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Parental Liability

In California, if you were injured by an individual under the age of 18, you can potentially file a personal injury claim against their parent or legal guardian. However, California, as in most states, limits the circumstances under which you can file a civil suit and the amount of compensation you are entitled to.

Compensation for a minor’s intentional wrongdoing

According to the California Civil Code section 1714.1, when injury, death, or damage are caused by a minor’s willful misconduct or intentional act, the parent or legal guardian can be held civilly liable- meaning required to pay restitution.

It is important to note that this code distinguishes a minor’s intentional behavior from mere negligence or carelessness.

The amount parents or legal guardians must pay are also capped to $25,000 per wrongful act. Compensation may be demanded for all economic or tangible losses, such as medical expenses or property damage, up to $25,000. Under this code, victims of a minor’s intentional misconduct CANNOT, however, seek compensation for non-economic losses, such as pain and suffering.

Motor vehicle accidents and parental liability for a minor’s negligence

California Vehicle Codes impose civil liability on parents or legal guardians for a minor’s misconduct that caused an automotive accident, whether their behavior leading to injuries was careless or intentional.

California Vehicle Code section 17707 holds the person who sponsored a minor’s driver’s license application civilly liable for ANY damages resulting from car accidents caused by the minor’s negligent or willful actions. Unlike the code governing general intentional misconduct, section 17707 allows victims to recover economic and non-economic losses, such as pain and suffering.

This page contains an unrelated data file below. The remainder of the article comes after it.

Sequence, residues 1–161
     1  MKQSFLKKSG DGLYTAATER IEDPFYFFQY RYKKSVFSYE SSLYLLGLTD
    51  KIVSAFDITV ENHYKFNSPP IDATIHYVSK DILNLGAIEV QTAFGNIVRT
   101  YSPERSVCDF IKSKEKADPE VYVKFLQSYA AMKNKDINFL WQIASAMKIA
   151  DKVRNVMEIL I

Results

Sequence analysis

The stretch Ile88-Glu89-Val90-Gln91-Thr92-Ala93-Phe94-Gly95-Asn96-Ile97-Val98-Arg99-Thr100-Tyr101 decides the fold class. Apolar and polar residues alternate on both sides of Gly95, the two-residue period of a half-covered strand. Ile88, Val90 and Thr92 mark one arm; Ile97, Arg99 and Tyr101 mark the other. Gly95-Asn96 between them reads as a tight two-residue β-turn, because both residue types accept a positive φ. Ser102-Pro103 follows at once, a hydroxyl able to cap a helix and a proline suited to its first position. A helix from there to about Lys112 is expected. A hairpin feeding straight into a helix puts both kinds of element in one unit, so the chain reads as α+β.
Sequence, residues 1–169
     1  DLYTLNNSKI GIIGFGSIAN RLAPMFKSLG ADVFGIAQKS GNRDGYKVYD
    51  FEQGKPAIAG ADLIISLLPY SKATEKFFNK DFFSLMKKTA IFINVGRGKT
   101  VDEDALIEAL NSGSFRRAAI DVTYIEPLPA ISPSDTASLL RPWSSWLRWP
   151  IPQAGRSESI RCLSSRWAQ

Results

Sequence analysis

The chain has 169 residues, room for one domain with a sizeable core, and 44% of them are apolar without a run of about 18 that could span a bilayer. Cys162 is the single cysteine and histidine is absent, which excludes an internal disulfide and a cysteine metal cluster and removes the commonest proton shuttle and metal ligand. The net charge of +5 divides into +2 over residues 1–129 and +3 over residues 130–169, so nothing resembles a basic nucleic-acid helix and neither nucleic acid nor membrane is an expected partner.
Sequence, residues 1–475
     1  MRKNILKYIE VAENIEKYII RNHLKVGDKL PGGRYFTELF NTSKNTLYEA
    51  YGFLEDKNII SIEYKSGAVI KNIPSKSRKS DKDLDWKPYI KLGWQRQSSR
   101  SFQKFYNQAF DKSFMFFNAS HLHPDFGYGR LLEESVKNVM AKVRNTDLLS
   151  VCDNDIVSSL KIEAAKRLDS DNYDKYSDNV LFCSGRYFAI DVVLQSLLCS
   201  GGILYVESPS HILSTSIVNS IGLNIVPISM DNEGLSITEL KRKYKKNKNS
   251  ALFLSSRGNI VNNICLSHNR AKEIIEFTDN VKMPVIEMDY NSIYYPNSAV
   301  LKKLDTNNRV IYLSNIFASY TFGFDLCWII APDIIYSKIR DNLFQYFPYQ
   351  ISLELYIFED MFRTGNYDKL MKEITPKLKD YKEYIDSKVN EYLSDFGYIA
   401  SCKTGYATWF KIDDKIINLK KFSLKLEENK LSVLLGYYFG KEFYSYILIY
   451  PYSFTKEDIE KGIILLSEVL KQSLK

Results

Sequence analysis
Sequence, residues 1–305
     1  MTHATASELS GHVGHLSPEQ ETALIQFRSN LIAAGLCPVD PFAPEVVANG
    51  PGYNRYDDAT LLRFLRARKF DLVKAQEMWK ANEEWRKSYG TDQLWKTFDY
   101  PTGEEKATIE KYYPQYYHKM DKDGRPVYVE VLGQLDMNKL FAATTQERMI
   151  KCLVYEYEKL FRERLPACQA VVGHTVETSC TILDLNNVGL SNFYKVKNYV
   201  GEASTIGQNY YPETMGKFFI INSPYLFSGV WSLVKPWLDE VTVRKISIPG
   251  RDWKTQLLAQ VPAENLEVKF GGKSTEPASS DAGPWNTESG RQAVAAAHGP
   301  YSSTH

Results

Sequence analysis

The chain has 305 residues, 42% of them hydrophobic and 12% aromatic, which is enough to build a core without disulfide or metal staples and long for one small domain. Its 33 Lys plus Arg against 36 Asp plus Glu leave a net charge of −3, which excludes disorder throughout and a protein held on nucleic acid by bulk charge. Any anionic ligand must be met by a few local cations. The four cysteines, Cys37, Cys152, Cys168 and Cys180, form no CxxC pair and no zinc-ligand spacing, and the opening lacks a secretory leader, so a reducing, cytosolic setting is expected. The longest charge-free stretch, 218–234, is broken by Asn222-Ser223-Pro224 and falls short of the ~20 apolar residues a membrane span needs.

Parents and legal guardians can be held liable for unlicensed minors as well. California Vehicle Code section 17708 says that when a licensed or unlicensed minor is given permission, explicit or implicit, by their parent or legal guardian to drive a vehicle and then causes an accident, the parent or legal guardian may be held liable for all damages.

Filing claims for parental negligence

There are limited circumstances falling outside the above codes when a personal injury victim may file a civil suit against a parent or legal guardian for their child’s misconduct. There are some questions that are generally considered to determine if parental negligence can be used as the basis for a tort claim, including:

  • Did the parent take reasonable steps to supervise the minor if they knew their child had dangerous habits? For instance, a parent has an unusually aggressive toddler with a tendency to bite, causing severe injury. If they drop their child off at daycare without giving sufficient warning to caregivers and their toddler bites another child, breaking skin and causing an infection, the parent may be required to pay for these injuries.
  • Did the child injure someone while under the direct supervision of the parent or legal guardian? For example, a parent might take their child to a playground. Usual playful behavior that results in scrapes and bruises will likely be dismissed. However, if the parent witnesses their child bullying another, pushing them over and causing a severe head injury, and chose to do nothing, the victim’s parent may be able to recover expenses related to the injury.

Though the law seeks to make victims whole, laws also restrict the circumstances for which a person may seek compensation from a parent whose child caused the injuries or damages. To see what options are available to you, call our experienced personal injury lawyers anytime, day or night, at (805) 628-4967.